Georgia Police in the Hot Seat After Killing Wrong Guy

William Powell Georgia Shooting

Police work is a difficult, dangerous profession. Pretty much everyone agrees with that, but when cops make a mistake, the stakes – both in life and public relations – can be very high. Trust is shattered as those who people assume will protect them are in the news showing they can be all too human.

A Tragic Mistake in Stockbridge, Georgia

Authorities arrived at a home to serve a warrant. As they entered the home, cops encountered 63-year-old William Powell. In the altercation that followed, Powell was shot by police. He later died at Atlanta Medical Center. At some point between the shooting and rushing Powell to the hospital, it was revealed police were at the wrong house.

The three officers who initially entered Powell’s home surprised the Georgia homeowner, who grabbed his gun. Cops, as they are trained to do, opened fire. Now an investigation has been opened into the incident. According to preliminary reports, police responded to a 911 call reporting the sound of gunshots and a woman yelling for help.

Chaos at the Wrong House

The police arrived, but they arrived at the wrong house. Put yourself in this situation: it’s the middle of the night. You’re sleeping. Suddenly, there are men in your house. Lots of shouting, confusion. Powell did what many would in this situation. He grabbed his gun. But the police already had theirs out. More gunfire. An innocent man shot. An innocent man who later died. Cops who thought they were at the right place doing their best to protect and to serve. It’s easy to point fingers and place blame, just as easy as it would be for others to excuse the actions of the police once they were inside the home.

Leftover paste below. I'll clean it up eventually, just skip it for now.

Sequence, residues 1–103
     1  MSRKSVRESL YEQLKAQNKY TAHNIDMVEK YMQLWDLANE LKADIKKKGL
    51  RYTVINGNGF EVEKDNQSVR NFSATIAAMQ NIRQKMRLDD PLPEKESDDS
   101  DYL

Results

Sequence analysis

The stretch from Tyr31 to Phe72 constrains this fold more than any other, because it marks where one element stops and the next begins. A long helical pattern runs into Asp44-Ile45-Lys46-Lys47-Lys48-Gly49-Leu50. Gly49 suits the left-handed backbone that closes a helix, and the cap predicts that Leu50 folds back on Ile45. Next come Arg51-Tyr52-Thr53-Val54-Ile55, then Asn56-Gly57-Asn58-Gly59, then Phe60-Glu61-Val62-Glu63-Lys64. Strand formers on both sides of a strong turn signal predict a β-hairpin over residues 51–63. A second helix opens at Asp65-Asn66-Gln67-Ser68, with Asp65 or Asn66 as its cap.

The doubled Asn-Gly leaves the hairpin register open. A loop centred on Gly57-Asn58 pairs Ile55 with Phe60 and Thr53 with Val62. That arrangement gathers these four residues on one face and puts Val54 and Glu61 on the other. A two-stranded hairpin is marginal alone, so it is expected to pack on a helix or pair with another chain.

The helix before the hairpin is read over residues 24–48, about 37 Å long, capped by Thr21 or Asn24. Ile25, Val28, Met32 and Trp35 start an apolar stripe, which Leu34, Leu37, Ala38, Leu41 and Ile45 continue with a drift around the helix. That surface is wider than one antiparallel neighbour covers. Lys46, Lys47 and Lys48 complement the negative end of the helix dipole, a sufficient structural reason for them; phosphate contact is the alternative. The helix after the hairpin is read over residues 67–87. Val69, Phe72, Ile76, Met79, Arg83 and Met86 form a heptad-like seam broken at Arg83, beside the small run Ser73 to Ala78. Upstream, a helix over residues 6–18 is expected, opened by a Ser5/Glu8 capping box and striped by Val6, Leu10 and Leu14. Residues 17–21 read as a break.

But at this juncture, logic won’t help push the narrative along. People are angry, they are scared and grieving. They will not respond to cool intellectual arguments.

Assess the Situation

Right out of the gate, the police need to get a handle on the emotional upset caused by this event. Law enforcement officers are trained to think critically and logically in instances of high emotion. They are also trained to communicate in a “just the facts” jargon that separates emotion from a very trying job. For the most part, average folks do not have this training, and that dichotomy can create PR situations that make bad scenarios much worse.

Maybe they need Jackson Spalding, a pre-eminent Atlanta based PR Agency to help with this situation.

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